May 2012: Journal of Professional Nursing: Official Journal of the American Association of Colleges of Nursing
Linda Weaver Moore, Cathy Leahy
This qualitative study explored the experiences of clinical nurse leaders (CNLs) as they implemented this new role. Twenty-four CNLs participated. Data were collected via an e-mail-distributed questionnaire. Data from open-ended questions were used to conduct a qualitative content analysis. Data were categorized according to question, key thoughts and phrases were established, and themes were determined. Findings revealed that nonsystematic role introduction was common. Two challenges to role implementation included role confusion and being overworked...
May 2012: Journal of Professional Nursing: Official Journal of the American Association of Colleges of Nursing
Tommie L Norris, Sherry S Webb, Leslie M McKeon, Susan R Jacob, Donna Herrin-Griffith
Development of a portfolio is an effective strategy used by clinical nurse leaders (CNLs) to inform prospective employers of their specialized skills in quality improvement, patient safety, error prevention, and teamwork. The portfolio provides evidence of competence relative to the role of clinician, outcomes manager, client advocate, educator, information manager, systems analyst/risk anticipator, team manager, healthcare professional, and lifelong learner. This article describes the CNL portfolio developed by experts from the University of Tennessee Health Science Center and Methodist LeBonheur Healthcare...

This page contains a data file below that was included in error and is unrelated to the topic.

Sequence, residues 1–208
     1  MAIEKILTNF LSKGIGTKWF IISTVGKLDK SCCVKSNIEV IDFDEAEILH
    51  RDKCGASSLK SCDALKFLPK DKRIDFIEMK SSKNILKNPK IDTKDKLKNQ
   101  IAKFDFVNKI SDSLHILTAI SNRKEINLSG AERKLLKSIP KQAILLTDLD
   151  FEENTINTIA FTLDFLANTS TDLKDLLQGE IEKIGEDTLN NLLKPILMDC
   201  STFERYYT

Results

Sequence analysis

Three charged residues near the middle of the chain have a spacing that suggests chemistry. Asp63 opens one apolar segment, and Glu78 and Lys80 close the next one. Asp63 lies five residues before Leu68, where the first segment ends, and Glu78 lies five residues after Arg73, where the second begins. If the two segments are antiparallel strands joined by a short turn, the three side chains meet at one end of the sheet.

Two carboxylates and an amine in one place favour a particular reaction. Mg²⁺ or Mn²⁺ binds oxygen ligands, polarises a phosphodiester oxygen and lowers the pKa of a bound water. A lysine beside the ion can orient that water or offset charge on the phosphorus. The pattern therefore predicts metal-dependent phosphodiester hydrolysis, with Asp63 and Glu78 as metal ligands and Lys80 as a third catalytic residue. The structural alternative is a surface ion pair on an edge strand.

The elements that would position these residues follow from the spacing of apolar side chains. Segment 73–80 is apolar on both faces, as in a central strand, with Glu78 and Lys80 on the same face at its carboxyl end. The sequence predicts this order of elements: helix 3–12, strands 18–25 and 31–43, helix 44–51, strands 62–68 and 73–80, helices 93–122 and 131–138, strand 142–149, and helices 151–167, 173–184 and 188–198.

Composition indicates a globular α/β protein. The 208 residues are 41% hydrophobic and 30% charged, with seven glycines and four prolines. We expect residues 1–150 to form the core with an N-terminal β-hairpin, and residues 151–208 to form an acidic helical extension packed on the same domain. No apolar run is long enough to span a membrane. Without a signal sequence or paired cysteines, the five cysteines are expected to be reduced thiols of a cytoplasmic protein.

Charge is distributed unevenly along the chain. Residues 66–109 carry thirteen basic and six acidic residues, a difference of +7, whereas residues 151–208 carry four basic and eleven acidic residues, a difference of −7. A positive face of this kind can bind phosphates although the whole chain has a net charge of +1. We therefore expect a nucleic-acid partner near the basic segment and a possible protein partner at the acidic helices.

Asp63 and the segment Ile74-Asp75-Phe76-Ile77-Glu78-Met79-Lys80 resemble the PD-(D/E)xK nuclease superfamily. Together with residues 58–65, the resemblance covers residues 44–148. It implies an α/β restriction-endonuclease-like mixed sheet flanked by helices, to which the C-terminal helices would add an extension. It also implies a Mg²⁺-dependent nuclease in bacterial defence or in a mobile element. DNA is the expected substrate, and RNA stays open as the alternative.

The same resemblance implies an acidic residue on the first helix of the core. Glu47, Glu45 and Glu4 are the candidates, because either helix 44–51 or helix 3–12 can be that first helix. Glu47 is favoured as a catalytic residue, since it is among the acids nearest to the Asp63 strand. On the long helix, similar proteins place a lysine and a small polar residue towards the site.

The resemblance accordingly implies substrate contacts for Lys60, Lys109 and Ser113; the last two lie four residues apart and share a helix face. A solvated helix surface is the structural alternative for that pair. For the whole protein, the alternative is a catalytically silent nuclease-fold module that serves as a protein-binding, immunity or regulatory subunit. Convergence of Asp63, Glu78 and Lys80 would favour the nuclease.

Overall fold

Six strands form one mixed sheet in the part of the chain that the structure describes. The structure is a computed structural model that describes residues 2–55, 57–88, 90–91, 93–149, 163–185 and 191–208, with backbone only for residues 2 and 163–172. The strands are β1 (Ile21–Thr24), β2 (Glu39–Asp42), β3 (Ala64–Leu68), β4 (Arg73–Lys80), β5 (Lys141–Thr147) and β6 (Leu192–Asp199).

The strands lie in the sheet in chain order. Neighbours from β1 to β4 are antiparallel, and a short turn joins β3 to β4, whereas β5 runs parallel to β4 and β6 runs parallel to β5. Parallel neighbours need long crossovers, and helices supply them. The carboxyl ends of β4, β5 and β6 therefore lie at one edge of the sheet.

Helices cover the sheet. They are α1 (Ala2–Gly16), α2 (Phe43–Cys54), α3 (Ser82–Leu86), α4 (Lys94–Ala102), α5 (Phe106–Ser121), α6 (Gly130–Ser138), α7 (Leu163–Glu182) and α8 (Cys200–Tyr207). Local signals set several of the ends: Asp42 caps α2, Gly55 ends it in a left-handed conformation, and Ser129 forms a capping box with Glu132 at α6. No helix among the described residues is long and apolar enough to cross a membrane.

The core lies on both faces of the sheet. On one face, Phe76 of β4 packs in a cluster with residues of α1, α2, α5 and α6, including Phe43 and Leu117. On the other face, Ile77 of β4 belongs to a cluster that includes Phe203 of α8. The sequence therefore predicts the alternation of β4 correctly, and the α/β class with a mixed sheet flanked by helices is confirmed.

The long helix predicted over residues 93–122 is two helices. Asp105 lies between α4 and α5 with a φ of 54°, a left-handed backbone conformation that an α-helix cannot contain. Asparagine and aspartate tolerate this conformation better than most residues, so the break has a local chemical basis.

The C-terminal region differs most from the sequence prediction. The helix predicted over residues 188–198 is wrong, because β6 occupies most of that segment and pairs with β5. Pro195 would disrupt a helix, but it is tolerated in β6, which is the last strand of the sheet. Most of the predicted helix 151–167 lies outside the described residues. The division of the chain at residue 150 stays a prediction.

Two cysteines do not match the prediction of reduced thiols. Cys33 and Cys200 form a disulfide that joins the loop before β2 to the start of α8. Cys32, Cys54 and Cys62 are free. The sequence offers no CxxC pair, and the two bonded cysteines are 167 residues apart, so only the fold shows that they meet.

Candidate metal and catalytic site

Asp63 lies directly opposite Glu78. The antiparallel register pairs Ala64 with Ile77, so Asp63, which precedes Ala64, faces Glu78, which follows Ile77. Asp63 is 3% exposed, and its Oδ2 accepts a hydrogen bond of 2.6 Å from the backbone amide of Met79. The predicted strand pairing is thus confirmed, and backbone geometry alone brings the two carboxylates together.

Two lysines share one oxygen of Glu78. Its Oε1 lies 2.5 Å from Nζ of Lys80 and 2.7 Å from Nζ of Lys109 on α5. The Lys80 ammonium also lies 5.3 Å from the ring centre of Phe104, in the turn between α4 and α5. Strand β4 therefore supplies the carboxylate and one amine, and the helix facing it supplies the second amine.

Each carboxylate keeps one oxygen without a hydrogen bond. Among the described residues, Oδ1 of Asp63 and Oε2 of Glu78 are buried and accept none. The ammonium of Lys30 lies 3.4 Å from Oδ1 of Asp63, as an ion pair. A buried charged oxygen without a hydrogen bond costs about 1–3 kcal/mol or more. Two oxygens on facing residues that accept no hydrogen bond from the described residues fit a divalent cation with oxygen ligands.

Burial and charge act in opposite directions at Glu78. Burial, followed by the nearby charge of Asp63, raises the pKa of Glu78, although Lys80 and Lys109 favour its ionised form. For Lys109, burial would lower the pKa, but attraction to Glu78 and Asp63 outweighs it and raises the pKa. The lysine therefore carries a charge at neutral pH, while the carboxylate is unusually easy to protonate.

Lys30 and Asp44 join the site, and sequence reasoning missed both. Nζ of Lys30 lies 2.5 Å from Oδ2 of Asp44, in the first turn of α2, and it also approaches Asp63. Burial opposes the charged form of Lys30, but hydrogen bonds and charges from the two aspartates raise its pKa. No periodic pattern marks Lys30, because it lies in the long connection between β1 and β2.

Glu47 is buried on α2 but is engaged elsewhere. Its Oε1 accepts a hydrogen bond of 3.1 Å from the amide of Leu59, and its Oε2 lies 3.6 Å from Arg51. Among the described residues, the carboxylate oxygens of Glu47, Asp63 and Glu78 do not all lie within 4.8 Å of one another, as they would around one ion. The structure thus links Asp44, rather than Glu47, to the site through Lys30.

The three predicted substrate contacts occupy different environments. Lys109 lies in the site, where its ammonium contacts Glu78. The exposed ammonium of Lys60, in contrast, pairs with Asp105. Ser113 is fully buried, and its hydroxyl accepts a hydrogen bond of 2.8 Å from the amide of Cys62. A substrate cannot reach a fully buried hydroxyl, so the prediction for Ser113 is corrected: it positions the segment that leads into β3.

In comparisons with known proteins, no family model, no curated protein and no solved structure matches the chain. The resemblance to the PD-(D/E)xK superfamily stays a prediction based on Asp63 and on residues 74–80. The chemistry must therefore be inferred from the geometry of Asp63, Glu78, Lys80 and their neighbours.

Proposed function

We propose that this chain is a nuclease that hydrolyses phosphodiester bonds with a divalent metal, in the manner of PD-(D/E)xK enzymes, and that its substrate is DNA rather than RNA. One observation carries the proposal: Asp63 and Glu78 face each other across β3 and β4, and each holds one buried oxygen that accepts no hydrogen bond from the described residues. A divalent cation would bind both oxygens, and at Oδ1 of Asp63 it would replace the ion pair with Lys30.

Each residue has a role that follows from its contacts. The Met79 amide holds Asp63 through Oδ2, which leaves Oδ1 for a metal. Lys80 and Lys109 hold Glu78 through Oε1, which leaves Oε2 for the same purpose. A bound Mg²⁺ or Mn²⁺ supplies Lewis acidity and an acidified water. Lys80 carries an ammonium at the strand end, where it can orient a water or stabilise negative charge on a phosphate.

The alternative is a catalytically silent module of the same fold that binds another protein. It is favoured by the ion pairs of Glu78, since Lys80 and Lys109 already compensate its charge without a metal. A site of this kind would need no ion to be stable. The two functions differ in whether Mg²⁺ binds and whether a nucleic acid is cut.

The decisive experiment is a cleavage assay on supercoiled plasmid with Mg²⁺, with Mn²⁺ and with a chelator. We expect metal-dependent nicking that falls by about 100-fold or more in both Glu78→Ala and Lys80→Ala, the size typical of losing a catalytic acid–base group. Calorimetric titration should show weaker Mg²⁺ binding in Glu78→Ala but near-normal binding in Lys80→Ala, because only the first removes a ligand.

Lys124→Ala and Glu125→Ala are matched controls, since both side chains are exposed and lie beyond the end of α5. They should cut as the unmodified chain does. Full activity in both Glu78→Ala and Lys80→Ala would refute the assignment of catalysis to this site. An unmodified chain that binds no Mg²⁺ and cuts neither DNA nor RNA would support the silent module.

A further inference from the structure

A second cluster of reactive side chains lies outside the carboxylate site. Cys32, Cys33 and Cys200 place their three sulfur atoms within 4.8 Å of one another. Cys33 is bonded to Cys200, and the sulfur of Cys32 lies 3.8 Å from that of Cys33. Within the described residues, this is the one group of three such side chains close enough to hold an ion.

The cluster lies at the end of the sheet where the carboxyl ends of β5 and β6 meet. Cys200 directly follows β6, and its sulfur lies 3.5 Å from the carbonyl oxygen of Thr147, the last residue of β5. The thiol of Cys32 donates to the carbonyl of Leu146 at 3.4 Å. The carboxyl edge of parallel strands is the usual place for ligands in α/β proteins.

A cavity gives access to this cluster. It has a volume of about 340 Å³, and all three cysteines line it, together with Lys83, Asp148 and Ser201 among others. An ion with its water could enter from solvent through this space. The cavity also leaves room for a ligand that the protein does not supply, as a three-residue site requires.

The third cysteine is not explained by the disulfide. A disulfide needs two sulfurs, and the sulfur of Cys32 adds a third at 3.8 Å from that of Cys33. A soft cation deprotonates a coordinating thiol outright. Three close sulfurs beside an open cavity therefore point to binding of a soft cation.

January 2012: Journal of Nursing Administration
Marietta P Stanton, Carol Ann Barnett Lammon, Eric S Williams
The clinical nurse leader (CNL) is a new nursing role developed from a series of discussions held by the American Association of Colleges of Nursing (AACN) about revisions in nursing education that would prepare nurses with the competencies needed to work in the current and future health care system. The CNL is supposed to have a direct impact on clinical, functional, satisfaction, and cost outcomes. A number of health care organizations have adapted the role and integrated it into their unique clinical environment, but it remains unclear if the implementation is in line with the AACN's vision...
March 2011: Journal of Professional Nursing: Official Journal of the American Association of Colleges of Nursing
M Baernholdt, S Cottingham
AIM: This paper describes the development of the Clinical Nurse Leader (CNL ©) role and education, the CNL's impact and potential to improve quality globally. BACKGROUND: The need for clinical nurse leadership to improve the quality of health care systems while controlling costs is recognized in reports internationally. In the USA, a new nursing role, the CNL, was developed in response to such reports. CONCLUSION: CNLs are master's level nurse graduates (although not necessarily recruited from a nursing background) with the skills and knowledge to create change within complex systems and improve outcomes while they remain direct care providers...
March 2011: International Nursing Review
Jan Foster, Angela P Clark, Mary L Heye, Doris J Rosenow, Kathleen Baldwin, Evangelina T Villagomez, Susan Wilkinson, Irene Gilliland, Stacey Ward
No abstract text is available yet for this article.
January 2011: Nursing Management